Bernie Mac: Two Sides, but One True Self

The two Bernie Macs: Above, the
The two Bernie Macs: Above, the "hard" stand-up comedian, and right (with Dee Dee Davis), the family man depicted in his Fox sitcom. He and his wife were married more than 30 years. (By Aynsley Floyd -- Associated Press)
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By Teresa Wiltz
Washington Post Staff Writer
Monday, August 11, 2008

Backstage at what was then MCI Center, Bernie Mac was breaking it down, explaining how the bug-eyed, raspy-voiced, apoplectic brother onstage at the outrageously successful "Original Kings of Comedy" tour had absolutely, positively nothing to do with who he really was. There were, he insisted, two Bernies. Not in the "Three Faces of Eve" sense, but in the protect-yourself-and-your-career sense.

"The two sides of Bernie, that's a quiet weapon that I have," he explained, all earnest and introspective, leaning in close to make sure I got the point.

It was a glimpse into the unique mind of Mac, who died of pneumonia on Saturday. He was 50.

"People say, 'Bernie hard, he tell it like it is, he curse.' They like for me to tell it. If I came out doing Bill Cosby or Billy Crystal, they'd have a fit. One thing I do understand is, this is an act. I'm acting. When I get offstage, I'm done. That man is dead. When you're offstage, that's the footprint. That's the man God's gonna judge."

The man ostensibly being judged now -- let's call him Offstage Bernie -- was quieter than you'd expect, a churchgoing Christian who dropped the J-word as frequently as Onstage Bernie dropped those curse words. Offstage Bernie stayed married to his high school sweetheart for more than 30 years, and liked to brag that he had "no outside kids." ("That's rare for a black man," he cracked to Jon Stewart on "The Daily Show.") He and his wife raised a daughter, then took in his 16-year-old niece and her 2-year-old daughter. Later, that served as material for his highly acclaimed Fox TV sitcom, "The Bernie Mac Show."

Onstage Bernie, who starred in many films, from the "Ocean's Eleven" franchise to 2007's "Pride," had a strong current of old-school African American conservatism running through his comedy: You take care of family, no matter what. Work is just that -- work. Do your job and shut the [expletive] up. Children are to be seen and not heard, and if they are heard, don't be afraid to open a can of you-know-what.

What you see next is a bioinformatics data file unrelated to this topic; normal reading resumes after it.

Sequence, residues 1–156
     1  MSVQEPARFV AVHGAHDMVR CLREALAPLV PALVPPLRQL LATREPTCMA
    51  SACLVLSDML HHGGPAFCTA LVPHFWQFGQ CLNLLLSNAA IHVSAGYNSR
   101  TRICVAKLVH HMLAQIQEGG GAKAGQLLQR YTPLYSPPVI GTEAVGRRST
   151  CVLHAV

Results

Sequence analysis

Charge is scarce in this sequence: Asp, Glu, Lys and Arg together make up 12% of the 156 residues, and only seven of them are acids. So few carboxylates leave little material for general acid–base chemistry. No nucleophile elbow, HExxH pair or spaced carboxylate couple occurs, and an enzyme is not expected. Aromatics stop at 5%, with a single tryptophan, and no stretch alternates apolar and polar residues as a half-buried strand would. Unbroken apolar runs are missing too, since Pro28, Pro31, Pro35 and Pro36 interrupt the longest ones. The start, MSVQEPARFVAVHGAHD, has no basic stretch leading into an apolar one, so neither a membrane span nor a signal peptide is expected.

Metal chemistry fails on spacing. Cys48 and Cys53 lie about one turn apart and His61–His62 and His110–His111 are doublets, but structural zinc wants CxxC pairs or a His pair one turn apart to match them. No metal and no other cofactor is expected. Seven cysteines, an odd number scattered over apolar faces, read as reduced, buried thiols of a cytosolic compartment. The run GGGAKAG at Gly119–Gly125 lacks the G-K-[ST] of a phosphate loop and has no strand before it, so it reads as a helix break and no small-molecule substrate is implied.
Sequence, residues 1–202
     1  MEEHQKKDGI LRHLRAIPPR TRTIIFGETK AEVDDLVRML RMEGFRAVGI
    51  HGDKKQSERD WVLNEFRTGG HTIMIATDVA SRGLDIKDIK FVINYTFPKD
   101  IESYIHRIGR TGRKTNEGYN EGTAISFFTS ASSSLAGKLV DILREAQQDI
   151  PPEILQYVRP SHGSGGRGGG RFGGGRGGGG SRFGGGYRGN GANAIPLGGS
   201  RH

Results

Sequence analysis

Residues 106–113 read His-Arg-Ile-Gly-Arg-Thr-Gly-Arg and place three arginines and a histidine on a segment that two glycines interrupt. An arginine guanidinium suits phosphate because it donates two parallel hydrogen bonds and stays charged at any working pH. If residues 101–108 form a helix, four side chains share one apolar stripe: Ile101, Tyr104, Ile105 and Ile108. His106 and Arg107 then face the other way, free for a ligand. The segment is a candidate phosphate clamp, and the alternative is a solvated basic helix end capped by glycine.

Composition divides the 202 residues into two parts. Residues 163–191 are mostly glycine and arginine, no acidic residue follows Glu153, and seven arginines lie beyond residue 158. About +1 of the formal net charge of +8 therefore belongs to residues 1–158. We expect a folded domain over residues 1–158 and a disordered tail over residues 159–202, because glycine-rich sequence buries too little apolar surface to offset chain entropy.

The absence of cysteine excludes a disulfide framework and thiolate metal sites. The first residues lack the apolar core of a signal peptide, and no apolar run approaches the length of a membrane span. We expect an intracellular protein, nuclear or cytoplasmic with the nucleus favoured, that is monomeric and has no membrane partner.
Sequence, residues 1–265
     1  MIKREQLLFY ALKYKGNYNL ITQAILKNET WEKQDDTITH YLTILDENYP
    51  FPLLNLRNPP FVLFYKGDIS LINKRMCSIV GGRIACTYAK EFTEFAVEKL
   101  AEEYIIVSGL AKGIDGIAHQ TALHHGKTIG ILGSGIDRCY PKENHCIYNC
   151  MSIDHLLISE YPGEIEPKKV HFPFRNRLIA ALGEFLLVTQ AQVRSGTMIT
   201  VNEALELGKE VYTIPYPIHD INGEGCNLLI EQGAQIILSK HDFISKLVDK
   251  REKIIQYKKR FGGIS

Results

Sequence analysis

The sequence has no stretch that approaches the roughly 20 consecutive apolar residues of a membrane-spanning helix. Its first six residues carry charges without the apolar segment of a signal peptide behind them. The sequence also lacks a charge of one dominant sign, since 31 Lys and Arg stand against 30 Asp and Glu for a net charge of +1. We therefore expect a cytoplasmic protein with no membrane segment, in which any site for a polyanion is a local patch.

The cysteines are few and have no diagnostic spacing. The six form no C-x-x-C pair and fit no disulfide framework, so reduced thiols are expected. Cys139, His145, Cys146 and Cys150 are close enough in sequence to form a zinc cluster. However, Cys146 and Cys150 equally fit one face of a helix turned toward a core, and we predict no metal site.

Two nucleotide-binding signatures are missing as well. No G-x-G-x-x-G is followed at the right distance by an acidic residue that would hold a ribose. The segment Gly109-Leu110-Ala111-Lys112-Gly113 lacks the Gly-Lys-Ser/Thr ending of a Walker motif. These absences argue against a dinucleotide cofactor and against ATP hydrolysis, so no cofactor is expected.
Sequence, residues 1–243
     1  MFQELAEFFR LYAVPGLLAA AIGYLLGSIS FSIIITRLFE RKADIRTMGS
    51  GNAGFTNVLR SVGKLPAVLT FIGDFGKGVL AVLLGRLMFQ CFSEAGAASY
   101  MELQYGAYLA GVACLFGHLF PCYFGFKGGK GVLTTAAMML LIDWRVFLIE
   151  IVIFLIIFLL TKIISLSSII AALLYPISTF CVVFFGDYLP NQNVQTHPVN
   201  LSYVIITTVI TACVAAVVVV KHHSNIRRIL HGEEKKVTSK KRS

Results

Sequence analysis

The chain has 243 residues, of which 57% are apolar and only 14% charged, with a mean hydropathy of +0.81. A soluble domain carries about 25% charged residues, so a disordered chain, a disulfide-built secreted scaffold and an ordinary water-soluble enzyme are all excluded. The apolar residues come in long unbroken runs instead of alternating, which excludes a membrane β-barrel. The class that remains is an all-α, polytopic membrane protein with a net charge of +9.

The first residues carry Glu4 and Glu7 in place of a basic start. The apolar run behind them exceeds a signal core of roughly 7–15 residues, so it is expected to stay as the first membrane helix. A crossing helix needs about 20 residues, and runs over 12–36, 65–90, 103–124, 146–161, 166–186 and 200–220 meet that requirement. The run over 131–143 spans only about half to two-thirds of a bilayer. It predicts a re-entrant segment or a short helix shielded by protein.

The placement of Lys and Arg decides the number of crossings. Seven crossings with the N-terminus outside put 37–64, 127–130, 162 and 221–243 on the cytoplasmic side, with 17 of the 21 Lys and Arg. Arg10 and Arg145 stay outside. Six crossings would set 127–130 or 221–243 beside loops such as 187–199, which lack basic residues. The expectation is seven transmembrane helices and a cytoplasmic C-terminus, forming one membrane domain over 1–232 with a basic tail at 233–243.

As he would explain in his closing monologues on the TV show, "Bernie Mac just says what you want to say, but can't." (The man had a habit of referring to himself in the third person.)

If Onstage Bernie evoked images of your crazy cousin cutting up at the family barbecue, that's because Mac was channeling his own crazy uncle and cousin. They, not he, were the funny ones, he explained during that interview in 1999. (I was starting to think that the man protesteth too much.)

He recalled the time he decided to go onstage and just be himself. You know, do Offstage Bernie. He bombed. He never made that mistake again. A fan waited for him backstage, eyes filled with tears, to tell Mac that he'd lost his touch. In retelling that story, Mac's own eyes welled.

"Comedy comes from pain," he once said, and Mac certainly knew pain: His mom died of breast cancer when he was 16; within a short time frame, his grandmother and two brothers also died. His best friend was killed.

Which is to say, Bernie Mac was the blues. Not that rarefied stuff that they serve up in museums and at effete folk music festivals, but genuine Chicago back-alley blues -- urban, raw and real, greasy and gritty. Even as a young man, he always had a bit of the retro vibe about him, both in outlook and in demeanor. He was a little bit vaudeville, a lot chitlin' circuit. Which makes sense, when you consider that one of his early career breaks was opening in Vegas for the bluer-than-blue Redd Foxx.

In the mid-1990s, you could see him performing in his home town of Chicago, filling up the cavernous Chicago Theatre or selling out a 100-seat venue like Milt's. He was already enjoying some success on the comedy circuit, had already stolen the spotlight in the Ice Cube comedy "Friday," and famously told a hostile "Def Comedy Jam" audience, "I ain't scared of you [expletive]."

Mac (born Bernard Jeffrey McCullough) put on a performance that was more variety show than pure stand-up, as he played a scatological Ed Sullivan to a host of talent: a 10-piece band (the Mac Men), seven dancers (the Mac-aronis) and a group of singers (the Mac Sweethearts). After the show, a big spread of fried chicken, collard greens and biscuits was laid out for all who wandered backstage -- friends, relatives, colleagues. It was a family affair, because that's how Mac rolled.

Last month, at a $2,300-a-head fundraiser for Democratic presidential candidate Barack Obama, Mac ran afoul of the PC police with his expletive-laced observations, throwing in a couple of references to the "hos" for good measure. The senator from Illinois told Mac to "clean up your act," adding, "I'm just messing with you, man." (Later, an Obama rep did the standard reject-and-repudiate thing.)

Ultimately, Mac was the epitome of the stand-up brother that Obama was talking about in his Father's Day speech: a man who took care of family, first and foremost, complaining and cracking jokes, but taking care of business just the same.

© 2008 The Washington Post Company